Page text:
Ted Kennedy's Final Days
The New York Times recounts Senator Ted Kennedy's final days and how he coped with his illness. It's both sad and inspirational.
President Obama has issued an executive order that flags be flown at half-mast until Sunday.
What's next? Sen. Kennedy will lie in repose Thursday and Friday at the JFK presidential library. His funeral will be Saturday at Our Lady of Perpetual Help in Boston. President Obama will deliver a eulogy. He will then be buried at Arlington next to his brothers.
And after that? Democrats are hoping his legacy will spur support for the health care reform bill. Will the Dems rename the Health Care after him? If they do, I hope it's one that includes the principles he fought for. And that means a strong public option. Here's the letter he and Chris Dodd wrote to Health, Education, Labor and Pensions Committee. [More..]
Like the President and a strong majority of Americans, we believe that a strong public option is an important component of any health reform bill that keeps costs down, expands coverage, and offers American families a wide variety of affordable options. Backed by the government for the public good, not private profit, our public option – called the Community Health Insurance Option – will be a strong, effective national plan that provides Americans with a real alternative to traditional, for-profit insurance.
Here’s how it works:
- Our public option will be a national plan, available in each state and territory and administered by the U.S. Department of Health and Human Services, which will negotiate rates and premiums.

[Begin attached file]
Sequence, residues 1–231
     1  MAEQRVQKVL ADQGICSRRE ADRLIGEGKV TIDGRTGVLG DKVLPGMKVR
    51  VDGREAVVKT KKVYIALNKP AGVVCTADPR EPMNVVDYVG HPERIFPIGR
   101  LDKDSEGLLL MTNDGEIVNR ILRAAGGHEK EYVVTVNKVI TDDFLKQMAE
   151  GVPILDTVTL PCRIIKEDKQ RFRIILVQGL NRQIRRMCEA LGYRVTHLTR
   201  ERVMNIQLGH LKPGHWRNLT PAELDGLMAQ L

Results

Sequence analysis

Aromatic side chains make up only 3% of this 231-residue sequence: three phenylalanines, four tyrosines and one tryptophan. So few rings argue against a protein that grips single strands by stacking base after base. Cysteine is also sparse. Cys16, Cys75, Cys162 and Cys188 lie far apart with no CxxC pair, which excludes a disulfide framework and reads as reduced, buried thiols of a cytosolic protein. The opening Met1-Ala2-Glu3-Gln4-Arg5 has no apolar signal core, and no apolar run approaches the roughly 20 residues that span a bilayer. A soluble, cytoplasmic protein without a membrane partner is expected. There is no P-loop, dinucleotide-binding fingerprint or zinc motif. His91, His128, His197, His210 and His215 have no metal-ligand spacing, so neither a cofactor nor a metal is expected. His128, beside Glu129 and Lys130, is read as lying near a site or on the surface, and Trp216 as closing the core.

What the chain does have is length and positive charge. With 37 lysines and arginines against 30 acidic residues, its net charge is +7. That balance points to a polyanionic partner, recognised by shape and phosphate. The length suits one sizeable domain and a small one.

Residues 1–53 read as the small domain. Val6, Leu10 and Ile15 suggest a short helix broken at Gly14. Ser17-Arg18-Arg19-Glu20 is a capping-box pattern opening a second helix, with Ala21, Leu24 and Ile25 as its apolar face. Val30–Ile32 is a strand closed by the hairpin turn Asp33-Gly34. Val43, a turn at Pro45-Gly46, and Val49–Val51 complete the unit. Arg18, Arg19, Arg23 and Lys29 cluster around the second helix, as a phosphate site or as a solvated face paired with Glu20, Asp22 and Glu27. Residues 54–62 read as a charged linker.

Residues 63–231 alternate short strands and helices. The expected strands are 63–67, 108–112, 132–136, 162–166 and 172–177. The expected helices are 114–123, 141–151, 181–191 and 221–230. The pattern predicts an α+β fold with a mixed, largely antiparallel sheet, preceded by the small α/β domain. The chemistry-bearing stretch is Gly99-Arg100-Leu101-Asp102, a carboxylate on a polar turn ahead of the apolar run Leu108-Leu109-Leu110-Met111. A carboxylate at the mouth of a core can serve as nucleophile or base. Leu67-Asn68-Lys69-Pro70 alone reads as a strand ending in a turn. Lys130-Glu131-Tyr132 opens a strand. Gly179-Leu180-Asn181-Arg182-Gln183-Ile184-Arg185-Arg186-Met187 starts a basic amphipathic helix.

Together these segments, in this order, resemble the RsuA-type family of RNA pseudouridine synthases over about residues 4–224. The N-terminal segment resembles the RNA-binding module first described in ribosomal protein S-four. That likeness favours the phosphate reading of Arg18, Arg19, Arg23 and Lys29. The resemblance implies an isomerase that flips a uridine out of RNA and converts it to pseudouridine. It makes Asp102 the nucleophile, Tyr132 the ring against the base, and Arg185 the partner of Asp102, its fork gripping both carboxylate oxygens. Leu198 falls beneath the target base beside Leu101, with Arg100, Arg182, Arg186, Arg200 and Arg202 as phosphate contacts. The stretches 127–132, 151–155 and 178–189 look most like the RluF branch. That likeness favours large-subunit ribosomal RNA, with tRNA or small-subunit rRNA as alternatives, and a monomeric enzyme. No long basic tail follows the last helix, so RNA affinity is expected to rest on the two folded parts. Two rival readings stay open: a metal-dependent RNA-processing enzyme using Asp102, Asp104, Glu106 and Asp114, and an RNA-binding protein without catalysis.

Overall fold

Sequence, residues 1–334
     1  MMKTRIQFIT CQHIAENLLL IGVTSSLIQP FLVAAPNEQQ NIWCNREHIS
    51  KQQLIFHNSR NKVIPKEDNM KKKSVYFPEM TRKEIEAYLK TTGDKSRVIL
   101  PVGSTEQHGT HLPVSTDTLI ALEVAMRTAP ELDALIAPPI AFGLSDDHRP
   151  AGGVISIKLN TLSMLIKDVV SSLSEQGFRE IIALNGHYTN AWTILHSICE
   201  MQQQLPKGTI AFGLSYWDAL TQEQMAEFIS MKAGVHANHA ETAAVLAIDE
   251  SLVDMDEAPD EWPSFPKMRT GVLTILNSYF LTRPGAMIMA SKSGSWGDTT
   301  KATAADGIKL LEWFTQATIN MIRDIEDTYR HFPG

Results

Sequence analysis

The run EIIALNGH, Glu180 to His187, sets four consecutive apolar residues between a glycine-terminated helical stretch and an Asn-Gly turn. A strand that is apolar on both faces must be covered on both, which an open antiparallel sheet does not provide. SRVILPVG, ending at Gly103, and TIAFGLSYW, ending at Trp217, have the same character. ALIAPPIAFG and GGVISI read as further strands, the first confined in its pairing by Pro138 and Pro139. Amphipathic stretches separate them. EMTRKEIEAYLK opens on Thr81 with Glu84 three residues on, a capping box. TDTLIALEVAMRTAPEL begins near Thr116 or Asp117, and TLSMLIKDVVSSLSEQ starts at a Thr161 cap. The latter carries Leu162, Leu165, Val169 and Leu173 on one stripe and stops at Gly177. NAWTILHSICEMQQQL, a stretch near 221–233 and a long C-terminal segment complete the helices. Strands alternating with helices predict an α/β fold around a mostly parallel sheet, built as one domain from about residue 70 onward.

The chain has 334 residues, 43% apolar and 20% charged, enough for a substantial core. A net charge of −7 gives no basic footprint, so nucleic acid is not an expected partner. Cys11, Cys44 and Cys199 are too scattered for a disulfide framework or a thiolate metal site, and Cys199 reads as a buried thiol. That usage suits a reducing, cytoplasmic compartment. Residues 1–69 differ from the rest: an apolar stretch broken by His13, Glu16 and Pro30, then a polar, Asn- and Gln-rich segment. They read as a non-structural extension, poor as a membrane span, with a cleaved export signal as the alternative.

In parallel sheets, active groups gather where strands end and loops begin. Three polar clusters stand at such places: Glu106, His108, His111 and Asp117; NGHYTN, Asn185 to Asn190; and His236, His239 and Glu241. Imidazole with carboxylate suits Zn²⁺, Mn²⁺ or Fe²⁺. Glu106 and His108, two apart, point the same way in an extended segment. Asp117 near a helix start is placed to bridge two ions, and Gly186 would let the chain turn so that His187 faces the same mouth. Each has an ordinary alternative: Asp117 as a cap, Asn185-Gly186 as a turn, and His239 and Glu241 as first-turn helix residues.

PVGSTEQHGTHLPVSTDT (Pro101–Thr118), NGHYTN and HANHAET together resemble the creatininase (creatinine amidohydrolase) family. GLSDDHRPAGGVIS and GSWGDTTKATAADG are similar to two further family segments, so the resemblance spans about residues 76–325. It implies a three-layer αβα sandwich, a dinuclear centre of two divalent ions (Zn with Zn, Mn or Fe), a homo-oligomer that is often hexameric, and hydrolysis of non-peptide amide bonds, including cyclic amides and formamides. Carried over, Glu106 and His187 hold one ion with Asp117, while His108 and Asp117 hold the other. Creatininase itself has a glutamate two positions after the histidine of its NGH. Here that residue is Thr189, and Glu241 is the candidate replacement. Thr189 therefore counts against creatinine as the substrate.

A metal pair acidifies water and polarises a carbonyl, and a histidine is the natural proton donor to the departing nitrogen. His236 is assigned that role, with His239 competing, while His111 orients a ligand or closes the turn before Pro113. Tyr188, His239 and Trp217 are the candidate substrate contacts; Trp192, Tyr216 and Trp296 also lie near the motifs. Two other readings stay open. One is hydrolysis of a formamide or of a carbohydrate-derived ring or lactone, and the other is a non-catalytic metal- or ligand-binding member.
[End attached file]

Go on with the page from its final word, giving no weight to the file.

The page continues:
- Like private insurance plans, it will be available through the Health Insurance Gateway. Enrollees will be entitled to the same tax credits as those enrolled in the private plans available through the Gateway.
- And, of course, participation in the public option will be just that – an option for American consumers who will be able to decide what plan is best for their families.
For the 47 million Americans currently living without health insurance, a public option will represent an opportunity to access quality, affordable care. For those who have insurance but still struggle to get the care they and their families need, the healthy competition provided by our proposal will offer a wider variety of options while keeping costs down.
And for the many Americans who have good coverage, nothing will change. They will still be able to keep their doctor, their hospital, and their insurance plan. What our proposal offers these families is stability – no longer will Americans with good health care have to worry about losing everything if they lose or change their job, or if someone in their family becomes sick or injured.
...a strong public option isn’t just what Americans want – it’s what America needs.
Ted Kennedy's goal was universal health care. We're not going to get that, but if we rename the bill after him, it should come as close as possible to his aspirations, and that means the public option must be included.
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